The 2021 Legislative Session Is Almost Complete. Let's Review.

Here's what you need to know as lawmakers prepare to wrap things up in Salem

By Julia Silverman June 9, 2021

Inside, they are counting down the days until Sine Die.

Friends, Romans, Countrypeople, lend us your ears, for it is almost Sine Die, Latin for "Adjourned for good, not coming back, we really mean it,” at the Oregon Legislature. 

And what a session it has been for politics junkies (though perhaps not for those who prefer their legislative changes to be sweeping.) The past five months or so have brought big money, big scandals, and, yes, potential for lasting changes. Let’s review. 

In a year where national and international news often took center stage—global pandemic much?— most of the non-revenue bills that won approval from both chambers in Salem and made it to the desk of Democratic Gov. Kate Brown are more modest in scope, though often meaningful. 

Take, for example, recently passed legislation to allow restaurants to continue to serve up to-go cocktails in a post-pandemic world—not earth-shattering stuff, but a tonic to the battered hospitality industry all the same, and one step closer to a New Orleans vibe for the entire state.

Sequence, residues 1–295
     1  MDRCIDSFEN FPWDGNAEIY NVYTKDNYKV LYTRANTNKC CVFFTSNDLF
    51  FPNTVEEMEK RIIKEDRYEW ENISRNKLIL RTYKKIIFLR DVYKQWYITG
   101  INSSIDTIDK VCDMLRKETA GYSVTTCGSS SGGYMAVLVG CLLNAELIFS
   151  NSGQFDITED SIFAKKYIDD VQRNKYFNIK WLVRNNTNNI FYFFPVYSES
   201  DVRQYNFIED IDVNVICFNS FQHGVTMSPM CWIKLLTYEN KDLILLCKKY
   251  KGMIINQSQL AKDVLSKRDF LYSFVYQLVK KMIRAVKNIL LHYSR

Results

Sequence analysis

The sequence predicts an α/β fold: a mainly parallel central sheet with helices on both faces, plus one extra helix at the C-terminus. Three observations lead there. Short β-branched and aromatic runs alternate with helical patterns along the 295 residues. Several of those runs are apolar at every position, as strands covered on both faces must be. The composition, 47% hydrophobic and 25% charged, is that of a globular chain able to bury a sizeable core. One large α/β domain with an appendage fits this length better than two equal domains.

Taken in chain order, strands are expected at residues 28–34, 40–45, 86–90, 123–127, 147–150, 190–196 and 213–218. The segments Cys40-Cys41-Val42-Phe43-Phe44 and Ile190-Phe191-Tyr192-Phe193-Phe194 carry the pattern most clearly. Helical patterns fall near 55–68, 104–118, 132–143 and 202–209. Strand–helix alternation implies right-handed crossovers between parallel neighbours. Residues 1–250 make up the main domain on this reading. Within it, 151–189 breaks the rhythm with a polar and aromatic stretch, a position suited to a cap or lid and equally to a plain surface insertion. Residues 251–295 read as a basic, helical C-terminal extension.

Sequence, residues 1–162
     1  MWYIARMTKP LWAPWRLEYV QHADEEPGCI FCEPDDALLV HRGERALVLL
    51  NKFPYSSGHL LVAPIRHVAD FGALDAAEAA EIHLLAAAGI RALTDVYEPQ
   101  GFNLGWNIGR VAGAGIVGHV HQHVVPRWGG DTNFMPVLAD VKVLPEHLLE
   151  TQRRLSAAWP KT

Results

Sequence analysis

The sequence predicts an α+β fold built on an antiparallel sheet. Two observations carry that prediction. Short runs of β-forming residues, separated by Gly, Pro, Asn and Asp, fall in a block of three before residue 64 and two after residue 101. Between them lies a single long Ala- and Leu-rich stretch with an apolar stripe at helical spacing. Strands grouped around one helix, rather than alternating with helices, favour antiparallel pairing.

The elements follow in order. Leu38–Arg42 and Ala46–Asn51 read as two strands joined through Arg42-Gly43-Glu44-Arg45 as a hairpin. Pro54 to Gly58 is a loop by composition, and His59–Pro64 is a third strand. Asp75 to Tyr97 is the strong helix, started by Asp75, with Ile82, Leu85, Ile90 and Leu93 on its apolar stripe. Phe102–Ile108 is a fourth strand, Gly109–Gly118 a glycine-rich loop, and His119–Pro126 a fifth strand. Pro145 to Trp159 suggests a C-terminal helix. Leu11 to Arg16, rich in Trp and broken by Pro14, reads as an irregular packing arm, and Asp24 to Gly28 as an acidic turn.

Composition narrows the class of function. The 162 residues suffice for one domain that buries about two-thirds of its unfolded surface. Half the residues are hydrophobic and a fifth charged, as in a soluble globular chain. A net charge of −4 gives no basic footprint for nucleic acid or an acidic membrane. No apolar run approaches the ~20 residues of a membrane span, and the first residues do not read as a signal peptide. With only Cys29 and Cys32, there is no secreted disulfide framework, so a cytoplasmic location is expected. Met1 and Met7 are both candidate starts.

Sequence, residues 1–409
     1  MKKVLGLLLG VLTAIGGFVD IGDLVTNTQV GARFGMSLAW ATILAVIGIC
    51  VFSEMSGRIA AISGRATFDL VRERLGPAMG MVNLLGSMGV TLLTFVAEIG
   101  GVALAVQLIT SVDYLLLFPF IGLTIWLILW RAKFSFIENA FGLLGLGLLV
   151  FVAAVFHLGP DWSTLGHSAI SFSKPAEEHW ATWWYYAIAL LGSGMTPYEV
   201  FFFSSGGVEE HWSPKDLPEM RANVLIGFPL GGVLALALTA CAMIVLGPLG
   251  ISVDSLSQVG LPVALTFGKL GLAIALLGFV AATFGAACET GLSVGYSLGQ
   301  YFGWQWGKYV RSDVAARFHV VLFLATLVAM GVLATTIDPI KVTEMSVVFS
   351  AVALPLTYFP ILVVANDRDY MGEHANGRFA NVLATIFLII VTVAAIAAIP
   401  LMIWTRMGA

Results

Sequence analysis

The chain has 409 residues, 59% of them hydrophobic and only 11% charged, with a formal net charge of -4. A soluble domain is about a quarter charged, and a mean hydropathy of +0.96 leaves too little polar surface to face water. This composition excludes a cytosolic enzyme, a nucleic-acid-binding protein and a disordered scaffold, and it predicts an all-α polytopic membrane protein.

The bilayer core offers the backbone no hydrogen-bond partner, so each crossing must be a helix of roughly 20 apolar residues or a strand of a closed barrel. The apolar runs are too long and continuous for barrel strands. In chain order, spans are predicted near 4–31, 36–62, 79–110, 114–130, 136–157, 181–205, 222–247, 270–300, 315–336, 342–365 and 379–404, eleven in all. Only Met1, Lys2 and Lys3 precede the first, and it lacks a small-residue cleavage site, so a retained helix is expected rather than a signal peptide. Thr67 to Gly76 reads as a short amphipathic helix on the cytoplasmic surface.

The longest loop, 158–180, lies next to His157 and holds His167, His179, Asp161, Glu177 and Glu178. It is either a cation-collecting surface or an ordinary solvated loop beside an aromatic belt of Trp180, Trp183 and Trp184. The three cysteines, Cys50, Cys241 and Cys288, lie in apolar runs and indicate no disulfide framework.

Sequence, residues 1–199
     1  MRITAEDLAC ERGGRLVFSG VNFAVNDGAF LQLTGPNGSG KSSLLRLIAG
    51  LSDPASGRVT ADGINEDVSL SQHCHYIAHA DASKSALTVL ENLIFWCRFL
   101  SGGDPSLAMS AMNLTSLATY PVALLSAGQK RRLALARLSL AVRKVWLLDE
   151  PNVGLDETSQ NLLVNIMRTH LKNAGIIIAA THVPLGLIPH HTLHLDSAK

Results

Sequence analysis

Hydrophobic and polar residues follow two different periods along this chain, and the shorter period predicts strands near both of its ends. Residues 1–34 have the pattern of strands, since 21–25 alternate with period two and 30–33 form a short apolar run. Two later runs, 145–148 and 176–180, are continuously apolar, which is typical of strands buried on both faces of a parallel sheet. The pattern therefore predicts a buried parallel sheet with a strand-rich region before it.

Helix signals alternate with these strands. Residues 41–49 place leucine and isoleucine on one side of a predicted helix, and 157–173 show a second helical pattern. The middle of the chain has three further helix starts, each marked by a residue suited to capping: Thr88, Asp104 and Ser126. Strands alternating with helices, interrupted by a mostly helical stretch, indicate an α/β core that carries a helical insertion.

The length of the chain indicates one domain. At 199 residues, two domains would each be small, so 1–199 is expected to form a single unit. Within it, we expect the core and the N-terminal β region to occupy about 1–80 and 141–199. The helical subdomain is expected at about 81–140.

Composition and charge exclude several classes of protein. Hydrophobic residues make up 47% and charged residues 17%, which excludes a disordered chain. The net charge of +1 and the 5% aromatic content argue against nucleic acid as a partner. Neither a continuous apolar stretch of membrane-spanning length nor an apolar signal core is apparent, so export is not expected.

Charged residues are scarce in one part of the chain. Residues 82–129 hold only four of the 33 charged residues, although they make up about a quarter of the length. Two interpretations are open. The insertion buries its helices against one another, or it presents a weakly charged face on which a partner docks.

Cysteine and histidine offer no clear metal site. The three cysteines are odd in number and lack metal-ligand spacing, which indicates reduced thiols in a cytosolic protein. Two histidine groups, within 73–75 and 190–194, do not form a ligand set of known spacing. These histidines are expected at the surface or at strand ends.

Also in this category is a bill that allows ballots postmarked up to Election Day to be counted so long as they are received within a week—no more deadline after which you have to seek out a ballot drop box. Again, not monumental in a state that’s already justly proud of its voter turnout, but a welcome change from the many states that are trying to curtail voting rights in the wake of the 2020 presidential election. 

Lawmakers also finally decided to get rid of the state’s nakedly racist state song in favor of updated lyrics that don’t celebrate the trampling of Indigenous and Black people’s rights, opened the door to allow collegiate athletes to receive compensation for the bajillions of dollars their feats rake in for their schools (Hey! We recommended that one, way back when), sent a safe storage gun bill to the governor’s desk, and put the kibosh on discrimination based on hairstyles, an issue with particular resonance in the Black community, where dreadlocks, braids, beads, and other styles are sometimes deemed outside the boundaries of capricious grooming policies. 

Some of the newly passed legislation will have a particular impact in the Portland metro area, including a package of policing reform laws, one of which specifies that police officers assigned to crowd control during protests must be clearly identified by name or badge number; another provision requires that all new police officer background checks must include a scan for membership in hate groups. And joint efforts by Portland and Multnomah County to create more types of housing for the homeless got a boost too, with a new law making it easier to site shelters in different neighborhoods, carried by House Speaker Tina Kotek, D-Portland.